Meanwhile, shares in AstraZeneca have fallen almost 10 percent ahead of the firm's planned $39 billion takeover of U.S. biotech firm Alexion. Brokerage firms valuing the deal, which will be two-thirds funded by AstraZeneca shares, have described the price as "hefty". This latest fall in assets has wiped $9.4 billion off its market value. Alexion, which specializes in the treatment of rare illnesses, is facing internal pressure for a sale from activist shareholders, some of whom believe the current offer from Astra may actually undervalue the firm. 

EU regulators have approved a $36.5 billion scheme to cut greenhouse gases in the Netherlands. In line with the objectives of the EU's Green Deal, the SDE+ project will allow suppliers to bid on a competitive basis for support in providing options for renewable energy, carbon capture and storage and waste management.

An appeals court in the U.S. is hearing the appeal case for the banning of Chinese-owned TikTok from domestic app stores. In September, a district judge in Washington blocked an application by the Commerce Department to prohibit new downloads of the video-sharing app, in a move that would have required both Apple and Google to remove it from their stores. Earlier this month, the Trump administration opted not to grant TikTok's owner ByteDance an extension of an order requiring it to sell its U.S. assets, but disagreement has continued over the future of the video-sharing app.

The online news platform Reddit is buying the U.S. video-sharing site Dubsmash in a private deal. Analysts say Reddit, a news and social media content aggregation site, may have raised as much as $20.2 million to finance the deal, which it hopes may help it claw back market share from bigger rivals such as TikTok.


Google suffered massive outage knocking Gmail and YouTube offline across much of the globe. /DENIS CHARLET / AFP

Google suffered massive outage knocking Gmail and YouTube offline across much of the globe. /DENIS CHARLET / AFP


WATCH:  Plastic packaging, much of it originating from European supermarkets and displaying the logos of British and French consumer brands, is being dumped illegally in Turkey. It appears to be an environmental disaster stemming from one of the most popular ways to look after the environment: recycling.



Negotiations may have restarted between the UK and the EU over a post-Brexit trade deal but UK Prime Minister Boris Johnson has warned the sides remain "very far apart" in key areas. 

With just two weeks to go to finalize an agreement ahead of the UK's exit from the bloc, CGTN Europe is joined by Helen Thomas, a market analyst, former fund manager and founder of Blonde Money, to discuss the sticking points.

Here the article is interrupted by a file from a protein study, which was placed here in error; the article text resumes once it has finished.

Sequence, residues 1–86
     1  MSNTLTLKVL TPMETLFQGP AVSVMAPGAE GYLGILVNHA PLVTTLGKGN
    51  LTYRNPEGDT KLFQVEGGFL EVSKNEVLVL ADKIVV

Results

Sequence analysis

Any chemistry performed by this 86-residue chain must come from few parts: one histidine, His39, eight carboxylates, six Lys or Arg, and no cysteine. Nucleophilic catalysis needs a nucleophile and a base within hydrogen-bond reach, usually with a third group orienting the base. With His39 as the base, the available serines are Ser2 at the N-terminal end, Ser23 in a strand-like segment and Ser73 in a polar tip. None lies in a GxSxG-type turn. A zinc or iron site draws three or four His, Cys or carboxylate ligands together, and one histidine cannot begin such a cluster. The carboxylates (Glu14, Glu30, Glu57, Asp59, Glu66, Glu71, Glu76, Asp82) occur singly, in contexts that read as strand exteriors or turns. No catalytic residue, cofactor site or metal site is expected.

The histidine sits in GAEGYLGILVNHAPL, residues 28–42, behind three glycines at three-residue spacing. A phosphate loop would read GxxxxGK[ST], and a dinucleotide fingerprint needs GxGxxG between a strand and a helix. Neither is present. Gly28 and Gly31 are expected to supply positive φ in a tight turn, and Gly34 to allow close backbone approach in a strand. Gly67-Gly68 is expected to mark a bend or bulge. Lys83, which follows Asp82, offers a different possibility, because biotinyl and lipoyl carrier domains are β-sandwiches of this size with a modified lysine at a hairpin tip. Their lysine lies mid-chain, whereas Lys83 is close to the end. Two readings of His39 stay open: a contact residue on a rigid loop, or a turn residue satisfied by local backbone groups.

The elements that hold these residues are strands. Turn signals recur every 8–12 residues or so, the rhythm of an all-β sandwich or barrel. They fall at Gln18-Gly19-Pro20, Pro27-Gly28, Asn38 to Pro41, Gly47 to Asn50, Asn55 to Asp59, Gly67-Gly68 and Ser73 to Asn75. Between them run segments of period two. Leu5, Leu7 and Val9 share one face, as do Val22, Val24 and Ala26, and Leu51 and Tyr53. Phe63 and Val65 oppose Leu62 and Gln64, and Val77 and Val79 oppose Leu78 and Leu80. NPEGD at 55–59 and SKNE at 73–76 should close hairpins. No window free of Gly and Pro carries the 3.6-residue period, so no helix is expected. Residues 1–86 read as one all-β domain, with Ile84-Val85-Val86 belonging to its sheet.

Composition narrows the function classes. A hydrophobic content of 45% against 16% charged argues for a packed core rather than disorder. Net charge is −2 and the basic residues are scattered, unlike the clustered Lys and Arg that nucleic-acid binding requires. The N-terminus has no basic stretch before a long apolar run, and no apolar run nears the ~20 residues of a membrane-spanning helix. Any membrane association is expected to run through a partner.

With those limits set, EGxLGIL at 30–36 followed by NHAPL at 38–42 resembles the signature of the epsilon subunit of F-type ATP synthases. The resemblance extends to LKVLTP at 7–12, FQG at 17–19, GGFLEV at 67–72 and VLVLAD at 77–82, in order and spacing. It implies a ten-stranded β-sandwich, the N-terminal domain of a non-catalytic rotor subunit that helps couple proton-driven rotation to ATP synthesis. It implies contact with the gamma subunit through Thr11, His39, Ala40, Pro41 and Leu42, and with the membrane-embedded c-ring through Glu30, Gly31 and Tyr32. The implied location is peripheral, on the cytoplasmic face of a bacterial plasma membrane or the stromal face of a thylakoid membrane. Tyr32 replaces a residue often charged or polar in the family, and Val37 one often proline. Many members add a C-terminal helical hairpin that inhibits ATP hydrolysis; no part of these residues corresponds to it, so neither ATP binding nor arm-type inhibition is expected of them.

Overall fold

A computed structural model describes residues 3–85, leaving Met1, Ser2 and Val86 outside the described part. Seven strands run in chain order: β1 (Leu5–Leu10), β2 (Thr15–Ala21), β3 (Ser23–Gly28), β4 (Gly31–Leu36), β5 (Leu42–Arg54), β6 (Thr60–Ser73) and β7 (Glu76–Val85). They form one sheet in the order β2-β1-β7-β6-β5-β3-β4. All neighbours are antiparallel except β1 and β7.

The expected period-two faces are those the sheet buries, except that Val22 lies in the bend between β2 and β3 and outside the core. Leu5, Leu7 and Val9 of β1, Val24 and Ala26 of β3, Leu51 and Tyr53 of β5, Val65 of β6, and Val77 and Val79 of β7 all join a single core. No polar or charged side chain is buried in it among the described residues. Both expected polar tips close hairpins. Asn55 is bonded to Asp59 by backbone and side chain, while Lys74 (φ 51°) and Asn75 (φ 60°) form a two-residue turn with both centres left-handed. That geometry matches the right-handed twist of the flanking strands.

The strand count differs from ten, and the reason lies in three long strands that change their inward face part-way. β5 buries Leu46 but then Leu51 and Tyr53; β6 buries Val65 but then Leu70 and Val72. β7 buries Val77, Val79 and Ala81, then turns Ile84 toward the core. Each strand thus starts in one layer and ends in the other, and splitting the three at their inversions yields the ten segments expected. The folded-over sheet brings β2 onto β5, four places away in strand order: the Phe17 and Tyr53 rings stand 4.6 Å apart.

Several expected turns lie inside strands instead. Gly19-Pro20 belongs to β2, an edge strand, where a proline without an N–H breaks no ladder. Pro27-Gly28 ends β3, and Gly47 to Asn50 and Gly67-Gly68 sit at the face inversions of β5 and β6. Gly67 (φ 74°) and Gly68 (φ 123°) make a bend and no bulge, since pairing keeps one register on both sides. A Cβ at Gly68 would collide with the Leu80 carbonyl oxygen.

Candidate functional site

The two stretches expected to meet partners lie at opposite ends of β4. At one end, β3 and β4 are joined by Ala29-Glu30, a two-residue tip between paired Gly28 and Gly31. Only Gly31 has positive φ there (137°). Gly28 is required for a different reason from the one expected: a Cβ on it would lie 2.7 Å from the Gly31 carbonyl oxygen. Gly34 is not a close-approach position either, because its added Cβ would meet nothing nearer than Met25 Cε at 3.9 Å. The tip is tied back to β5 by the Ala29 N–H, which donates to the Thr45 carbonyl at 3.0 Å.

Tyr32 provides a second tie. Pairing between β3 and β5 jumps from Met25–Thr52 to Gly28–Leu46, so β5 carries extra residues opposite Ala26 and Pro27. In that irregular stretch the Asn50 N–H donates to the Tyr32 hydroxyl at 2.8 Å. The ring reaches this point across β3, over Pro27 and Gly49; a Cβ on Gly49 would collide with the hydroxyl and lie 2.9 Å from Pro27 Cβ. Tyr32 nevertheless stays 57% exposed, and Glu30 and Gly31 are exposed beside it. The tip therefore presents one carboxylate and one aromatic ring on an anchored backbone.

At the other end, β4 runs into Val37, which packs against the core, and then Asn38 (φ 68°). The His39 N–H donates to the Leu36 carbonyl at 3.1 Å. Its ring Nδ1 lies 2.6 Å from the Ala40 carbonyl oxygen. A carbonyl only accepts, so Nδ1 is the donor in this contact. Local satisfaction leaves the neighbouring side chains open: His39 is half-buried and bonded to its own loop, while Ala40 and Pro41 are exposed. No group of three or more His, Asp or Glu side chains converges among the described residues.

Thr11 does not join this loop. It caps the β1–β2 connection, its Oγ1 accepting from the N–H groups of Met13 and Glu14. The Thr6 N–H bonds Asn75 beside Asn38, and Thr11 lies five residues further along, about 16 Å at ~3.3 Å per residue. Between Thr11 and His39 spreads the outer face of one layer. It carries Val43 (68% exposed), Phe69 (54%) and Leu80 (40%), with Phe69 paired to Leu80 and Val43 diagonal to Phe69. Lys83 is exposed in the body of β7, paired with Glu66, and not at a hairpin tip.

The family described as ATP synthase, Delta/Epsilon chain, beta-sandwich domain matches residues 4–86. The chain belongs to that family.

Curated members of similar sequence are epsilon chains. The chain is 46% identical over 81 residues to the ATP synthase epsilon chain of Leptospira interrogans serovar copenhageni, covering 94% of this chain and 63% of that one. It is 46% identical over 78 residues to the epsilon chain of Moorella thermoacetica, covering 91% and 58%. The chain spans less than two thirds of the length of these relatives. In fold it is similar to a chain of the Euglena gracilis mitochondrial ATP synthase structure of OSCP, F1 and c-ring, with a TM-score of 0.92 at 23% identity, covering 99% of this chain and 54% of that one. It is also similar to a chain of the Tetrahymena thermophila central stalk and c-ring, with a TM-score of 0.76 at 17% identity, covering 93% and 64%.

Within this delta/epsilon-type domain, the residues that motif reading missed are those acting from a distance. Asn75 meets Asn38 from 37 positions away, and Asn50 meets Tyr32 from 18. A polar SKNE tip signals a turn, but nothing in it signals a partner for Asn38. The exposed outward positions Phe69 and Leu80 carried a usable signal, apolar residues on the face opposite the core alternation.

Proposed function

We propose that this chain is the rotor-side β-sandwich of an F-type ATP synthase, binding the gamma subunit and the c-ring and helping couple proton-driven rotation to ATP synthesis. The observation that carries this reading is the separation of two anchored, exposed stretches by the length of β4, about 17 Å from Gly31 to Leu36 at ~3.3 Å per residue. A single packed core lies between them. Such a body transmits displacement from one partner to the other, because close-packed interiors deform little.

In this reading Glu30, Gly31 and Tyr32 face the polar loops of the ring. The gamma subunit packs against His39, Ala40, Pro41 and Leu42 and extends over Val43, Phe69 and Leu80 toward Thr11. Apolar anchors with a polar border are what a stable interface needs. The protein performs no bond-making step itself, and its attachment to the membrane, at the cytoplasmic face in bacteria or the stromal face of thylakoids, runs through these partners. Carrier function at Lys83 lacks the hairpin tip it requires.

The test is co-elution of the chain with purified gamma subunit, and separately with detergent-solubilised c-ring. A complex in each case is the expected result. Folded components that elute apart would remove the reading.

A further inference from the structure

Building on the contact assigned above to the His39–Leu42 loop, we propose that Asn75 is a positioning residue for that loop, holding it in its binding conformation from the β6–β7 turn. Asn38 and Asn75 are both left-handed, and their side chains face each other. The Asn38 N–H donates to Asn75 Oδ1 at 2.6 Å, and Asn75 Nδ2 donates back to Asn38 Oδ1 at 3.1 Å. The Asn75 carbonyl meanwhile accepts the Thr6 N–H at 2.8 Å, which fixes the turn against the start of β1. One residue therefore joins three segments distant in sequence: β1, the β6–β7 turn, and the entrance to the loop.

I think what we need to look for here is creativity, that's actually the word that's been used by the leader of the Republic of Ireland, because there are still these red lines people have to move on. And I think on the EU side, what is relevant here is that Michel Barnier has been doing all this negotiating. He's just working under the mandate from the member states. This is why Boris Johnson wants to hear from Emmanuel Macron in France, Angela Merkel in Germany. They are the ones actually who could break the deadlock if they so choose. That's maybe where this creativity has to come from. 


What are the chances now of a no deal and where could this leave the UK?

Well, everyone is talking, of course, about disruptions in the event of no deal, but there's still a huge amount of trade that will go on between the EU and the UK. And on January 1, 2021, the UK would be the most aligned 'third country' with the EU. So, some of the rhetoric around no deal is a little bit exaggerated. And particularly now we've seen the Commission move in terms of keeping the planes in the air and the lorries on the roads. But I would just throw in this point: we've had the pandemic this year. The global supply chains broke down. Effectively, that was like a global no-deal Brexit. And, of course, we have all managed to get through the worst of that. So, in many respects, we had an even worse dry run when it came to what happened in the pandemic. So the ramifications of this between the UK and the EU may well not be as bad as everybody thinks. So there could be some cause for Boris's optimism. 


Finally the proportion of workers termed "low income" appears to be growing in Europe. The latest figures (although dating from 2018) show that earnings lag widest in the states of the former Eastern bloc, with almost a quarter of workers in Latvia termed "low earners" compared with just under 4 percent in Sweden. Despite the caveats, it's another example of the huge challenges facing policymakers across Europe as a whole. 

Source(s): Reuters